Describe Something You Have Learned

Discuss the April Book of the Month Shot Down by Steve Snyder.
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Kia
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Re: Describe Something You Have Learned

Post by Kia » 14 Apr 2016, 14:34

For some reason I never knew that the bombers were based out of England. Honestly, I never thought much about where they came from, it was always just a part of the war, you know? This makes much more sense than my strange notion that planes were just hiding out all over Europe much as the troops were. There were multiple other instances where I learned things I never knew I never knew (things I now can't understand why I never wondered about), but none are coming to mind right this moment.
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Post by kio » 17 Apr 2016, 22:47

I learned a lot things and felt in awe constantly. One fact that struck me was what Japan's leader said after Pearl Harbor. Wow, it made me wonder if things may have been slightly different if that communique has made it in time or if all of the ship's fleet had been in Pearl Harbor. For me, these two what ifs were the most mind boggling.
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Post by Kia » 19 Apr 2016, 14:39

One thing I learned that was kinda random was about flak. I've heard the expression "giving someone flak" but I never stopped to think about the fact that flak was a real thing. I suppose all expressions have to come from somewhere. Kinda a "oooooooh" moment for me.
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Post by Taylor Razzani » 19 Apr 2016, 21:24

I enjoyed reading about the people in the Resistance and what they went through everyday. I guess I learned more about how lengthy all of that was, and how they would allow them to move about in the open, even if it was extremely dangerous.

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Post by hsimone » 22 Apr 2016, 01:35

Kia wrote:One thing I learned that was kinda random was about flak. I've heard the expression "giving someone flak" but I never stopped to think about the fact that flak was a real thing. I suppose all expressions have to come from somewhere. Kinda a "oooooooh" moment for me.
I never knew about this too, and it made more sense reading about it. Actually, I don't think I've ever heard of the phrase "giving someone flak"...so not only I learned from the book, but here too! Thank you for that. :)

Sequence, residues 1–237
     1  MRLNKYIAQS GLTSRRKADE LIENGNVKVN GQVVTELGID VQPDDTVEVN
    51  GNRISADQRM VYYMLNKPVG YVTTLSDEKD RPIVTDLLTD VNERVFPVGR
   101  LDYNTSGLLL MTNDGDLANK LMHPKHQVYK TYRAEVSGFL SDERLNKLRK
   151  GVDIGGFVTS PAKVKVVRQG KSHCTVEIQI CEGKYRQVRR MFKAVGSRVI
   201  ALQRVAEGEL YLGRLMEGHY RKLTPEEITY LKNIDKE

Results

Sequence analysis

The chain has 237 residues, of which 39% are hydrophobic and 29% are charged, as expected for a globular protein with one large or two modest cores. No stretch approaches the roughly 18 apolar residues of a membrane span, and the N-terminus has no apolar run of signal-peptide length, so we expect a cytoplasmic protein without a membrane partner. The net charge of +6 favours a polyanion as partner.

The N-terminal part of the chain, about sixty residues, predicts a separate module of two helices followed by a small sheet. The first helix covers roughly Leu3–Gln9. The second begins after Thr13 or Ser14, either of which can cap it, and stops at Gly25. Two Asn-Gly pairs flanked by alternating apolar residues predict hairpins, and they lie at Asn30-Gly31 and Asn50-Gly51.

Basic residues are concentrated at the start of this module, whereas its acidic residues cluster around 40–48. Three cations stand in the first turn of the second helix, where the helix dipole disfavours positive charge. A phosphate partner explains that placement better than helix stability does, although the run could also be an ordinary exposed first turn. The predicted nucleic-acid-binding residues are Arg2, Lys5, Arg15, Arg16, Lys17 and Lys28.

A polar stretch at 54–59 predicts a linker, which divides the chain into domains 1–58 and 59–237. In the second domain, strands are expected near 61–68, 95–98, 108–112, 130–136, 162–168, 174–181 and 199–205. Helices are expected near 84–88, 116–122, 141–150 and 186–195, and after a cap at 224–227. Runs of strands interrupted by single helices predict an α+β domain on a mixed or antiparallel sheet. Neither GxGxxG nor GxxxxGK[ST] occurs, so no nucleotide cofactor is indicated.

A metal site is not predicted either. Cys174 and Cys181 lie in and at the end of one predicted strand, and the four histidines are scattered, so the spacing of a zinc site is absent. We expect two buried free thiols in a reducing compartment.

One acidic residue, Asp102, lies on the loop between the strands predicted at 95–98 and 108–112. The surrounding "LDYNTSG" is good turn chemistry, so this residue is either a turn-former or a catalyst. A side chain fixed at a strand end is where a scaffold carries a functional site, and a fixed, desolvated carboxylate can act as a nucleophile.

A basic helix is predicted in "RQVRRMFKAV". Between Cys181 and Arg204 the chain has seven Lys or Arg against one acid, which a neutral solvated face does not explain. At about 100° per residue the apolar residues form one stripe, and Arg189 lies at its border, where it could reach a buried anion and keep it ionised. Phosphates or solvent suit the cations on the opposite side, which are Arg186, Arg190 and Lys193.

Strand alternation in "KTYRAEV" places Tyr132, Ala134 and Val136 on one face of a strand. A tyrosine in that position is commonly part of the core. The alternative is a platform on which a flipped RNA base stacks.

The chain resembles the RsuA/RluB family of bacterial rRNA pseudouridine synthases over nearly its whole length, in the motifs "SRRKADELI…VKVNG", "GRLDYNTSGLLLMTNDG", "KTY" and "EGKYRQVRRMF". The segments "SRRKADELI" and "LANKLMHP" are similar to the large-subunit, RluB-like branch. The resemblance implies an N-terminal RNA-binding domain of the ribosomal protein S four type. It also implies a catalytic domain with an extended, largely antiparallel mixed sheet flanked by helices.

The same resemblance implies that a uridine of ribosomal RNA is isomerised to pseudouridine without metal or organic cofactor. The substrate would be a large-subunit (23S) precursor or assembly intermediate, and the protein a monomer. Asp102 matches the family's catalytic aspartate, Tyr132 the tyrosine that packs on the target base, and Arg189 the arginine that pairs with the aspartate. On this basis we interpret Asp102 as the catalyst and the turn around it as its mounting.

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Post by Kia » 22 Apr 2016, 06:57

hsimone wrote:I never knew about this too, and it made more sense reading about it. Actually, I don't think I've ever heard of the phrase "giving someone flak"...so not only I learned from the book, but here too! Thank you for that. :)
Yeah, it's not a hugely popular expression. It might also be a Canadian thing? Language is funny like that. We both speak English but the English we speak is not exactly the same.
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Post by hsimone » 22 Apr 2016, 08:14

Kia wrote:
hsimone wrote:I never knew about this too, and it made more sense reading about it. Actually, I don't think I've ever heard of the phrase "giving someone flak"...so not only I learned from the book, but here too! Thank you for that. :)
Yeah, it's not a hugely popular expression. It might also be a Canadian thing? Language is funny like that. We both speak English but the English we speak is not exactly the same.
Hm..maybe? It is funny how the English language varies from place to place.
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Post by kio » 23 Apr 2016, 11:14

hsimone wrote:I know the feeling!

One thing that stuck out to me was the fact that the men could easily have died in the plane by frostbite, lack of oxygen and/or clogging up their oxygen tubes with frozen spit. In other words, war in it of itself is scary and death could be lurking around the corner, but the journey across was just as dangerous!

I haven't heard about that documentary, but it sounds very interesting and informational. I'll have to check it out. Thank you for sharing!
Me too! I never realized that could happen until I read that. My uncle was in the Air Force and he never mentioned that. I can't imagine how scary that would've been.
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Post by Vermont Reviews » 25 Apr 2016, 06:01

hsimone wrote:I know the feeling!

One thing that stuck out to me was the fact that the men could easily have died in the plane by frostbite, lack of oxygen and/or clogging up their oxygen tubes with frozen spit. In other words, war in it of itself is scary and death could be lurking around the corner, but the journey across was just as dangerous!